I am far more excited than a grown man with a full beard should be. I can’t help it. This ineffable joie de vivre has been slowly filling me to the brim and today my cup will indeed runneth over. For today I celebrate the release of a movie ("The Muppets") that will contain such sheer, honest, unadulterated joy that it will be enough to eliminate all the bitter cynicism that has continually grown and festered in my coal black heart ever since I found out the truth about Sparky.
Healing the deep, emotional wounds that we all carry around takes time, energy, and years of therapy. Unfortunately, that takes a lot of hard work and good insurance. (And since we’re American, we don’t have access to either of those.) Instead, we’re going to put on our warm and fuzzy nostalgia robe – I keep mine next to my cold and lonely sadness boxers – and applaud the non-bastardized return of one of the few things that made our troubled childhoods bearable for at least half an hour every week. Of course I refer to those lovable scamps, the Muppets. So, for your reading pleasure, here are ten things that you may not have known about the Muppets:
There were actually two different Muppet specials that were aired during the planning stages of "The Muppet Show." The first one, in 1974, was a Valentine’s Day special. It was about love and chocolate and chubby naked angels and whatever Valentine’s Day is supposed to be about. However, it was the second Muppet special that really served as the true pilot episode. This second half-hour variety special was called "The Muppet Show: Sex and Violence." If you were too young to remember this or too young to be alive for this, I can only go ahead and assume that your brain has just exploded.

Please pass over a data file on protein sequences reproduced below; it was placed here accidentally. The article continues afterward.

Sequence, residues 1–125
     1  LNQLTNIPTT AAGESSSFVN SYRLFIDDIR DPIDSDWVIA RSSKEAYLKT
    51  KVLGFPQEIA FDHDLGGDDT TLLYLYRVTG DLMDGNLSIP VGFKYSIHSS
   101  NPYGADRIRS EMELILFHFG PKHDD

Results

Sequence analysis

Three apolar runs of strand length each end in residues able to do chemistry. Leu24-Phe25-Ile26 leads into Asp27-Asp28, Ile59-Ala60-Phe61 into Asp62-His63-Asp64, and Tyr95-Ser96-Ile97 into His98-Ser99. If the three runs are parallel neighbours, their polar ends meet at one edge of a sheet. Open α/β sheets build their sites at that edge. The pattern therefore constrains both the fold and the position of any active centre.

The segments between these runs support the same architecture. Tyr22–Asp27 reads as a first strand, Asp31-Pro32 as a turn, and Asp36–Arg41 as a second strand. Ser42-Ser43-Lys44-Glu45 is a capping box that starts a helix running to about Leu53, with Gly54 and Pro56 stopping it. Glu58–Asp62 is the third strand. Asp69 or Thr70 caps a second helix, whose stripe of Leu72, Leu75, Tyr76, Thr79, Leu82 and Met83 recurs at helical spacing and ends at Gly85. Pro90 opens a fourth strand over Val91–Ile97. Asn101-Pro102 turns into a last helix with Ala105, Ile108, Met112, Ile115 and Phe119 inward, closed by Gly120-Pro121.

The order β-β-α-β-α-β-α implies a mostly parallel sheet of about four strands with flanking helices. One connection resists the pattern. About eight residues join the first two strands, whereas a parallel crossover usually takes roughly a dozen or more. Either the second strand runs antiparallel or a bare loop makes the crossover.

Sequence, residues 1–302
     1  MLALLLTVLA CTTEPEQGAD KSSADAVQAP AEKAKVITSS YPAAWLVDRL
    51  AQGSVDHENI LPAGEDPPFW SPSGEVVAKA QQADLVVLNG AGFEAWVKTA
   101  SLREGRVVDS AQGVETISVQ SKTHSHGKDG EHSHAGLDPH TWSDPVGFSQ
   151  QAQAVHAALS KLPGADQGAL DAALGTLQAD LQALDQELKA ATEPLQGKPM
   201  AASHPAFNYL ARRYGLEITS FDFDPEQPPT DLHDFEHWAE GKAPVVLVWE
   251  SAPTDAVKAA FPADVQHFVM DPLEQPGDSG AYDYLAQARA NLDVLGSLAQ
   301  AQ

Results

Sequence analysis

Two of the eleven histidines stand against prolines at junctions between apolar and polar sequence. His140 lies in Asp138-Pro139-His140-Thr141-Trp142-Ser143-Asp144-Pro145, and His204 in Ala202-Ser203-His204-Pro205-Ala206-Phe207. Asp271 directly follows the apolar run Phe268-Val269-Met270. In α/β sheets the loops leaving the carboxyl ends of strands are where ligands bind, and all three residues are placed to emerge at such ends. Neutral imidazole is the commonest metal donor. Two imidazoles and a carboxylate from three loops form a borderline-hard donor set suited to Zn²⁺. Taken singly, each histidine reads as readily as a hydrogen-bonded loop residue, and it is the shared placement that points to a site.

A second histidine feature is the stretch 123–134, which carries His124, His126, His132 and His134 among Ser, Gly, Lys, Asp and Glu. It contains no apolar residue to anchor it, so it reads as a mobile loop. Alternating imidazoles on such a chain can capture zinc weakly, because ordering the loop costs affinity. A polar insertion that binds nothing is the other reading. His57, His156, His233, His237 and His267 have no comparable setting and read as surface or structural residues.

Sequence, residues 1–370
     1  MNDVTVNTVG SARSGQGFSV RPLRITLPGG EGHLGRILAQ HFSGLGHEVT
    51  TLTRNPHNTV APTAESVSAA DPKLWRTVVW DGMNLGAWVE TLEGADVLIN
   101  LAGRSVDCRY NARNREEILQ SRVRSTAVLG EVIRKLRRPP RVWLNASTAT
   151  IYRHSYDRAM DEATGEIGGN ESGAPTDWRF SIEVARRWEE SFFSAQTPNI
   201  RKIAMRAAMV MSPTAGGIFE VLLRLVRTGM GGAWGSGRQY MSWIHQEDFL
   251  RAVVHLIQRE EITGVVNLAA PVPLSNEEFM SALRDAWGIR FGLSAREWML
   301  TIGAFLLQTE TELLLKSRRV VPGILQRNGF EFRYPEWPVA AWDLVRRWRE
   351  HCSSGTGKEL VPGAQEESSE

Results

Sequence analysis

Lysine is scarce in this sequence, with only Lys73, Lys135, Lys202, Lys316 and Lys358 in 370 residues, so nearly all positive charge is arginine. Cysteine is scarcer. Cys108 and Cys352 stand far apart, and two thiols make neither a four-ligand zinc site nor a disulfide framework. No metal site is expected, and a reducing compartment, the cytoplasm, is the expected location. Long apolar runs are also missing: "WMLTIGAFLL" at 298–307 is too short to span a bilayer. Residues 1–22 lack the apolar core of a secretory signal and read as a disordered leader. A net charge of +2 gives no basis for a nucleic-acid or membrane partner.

Here’s the part where I admit that I’ve led you all slightly astray. The first line of the episode is actually an announcer saying, “Ladies and gentlemen, presenting the end of sex and violence on television,” followed by Crazy Harry blowing the sign up using a giant Wile E. Coyote style detonator.
So why do I bring up this bit of misdirection? It’s to get you to rethink "The Muppet Show." "The Muppet Show" was not just a fun show for kids that the family could watch together without getting bored; it was smart, funny, profound, satirical, surreal, and sometimes subversive. Watch the first part of "Sex and Violence" below. You’ll see what I mean.
9. What’s in a Name?
The Muppet has become so ingrained into our popular culture that most people don’t spend much time thinking about the reasoning behind its name. I’ll finally answer the question that is now on everybody’s mind: “Why is a Muppet called a Muppet?” To answer this question, I will turn to the single greatest philosopher of the late 20th century. I speak, of course, of Homer Simpson. If Homer has taught me anything -- and believe me, he has -- it’s that a Muppet is “not quite a mop and it’s not quite a puppet…but man.... So to answer your question, I don’t know.”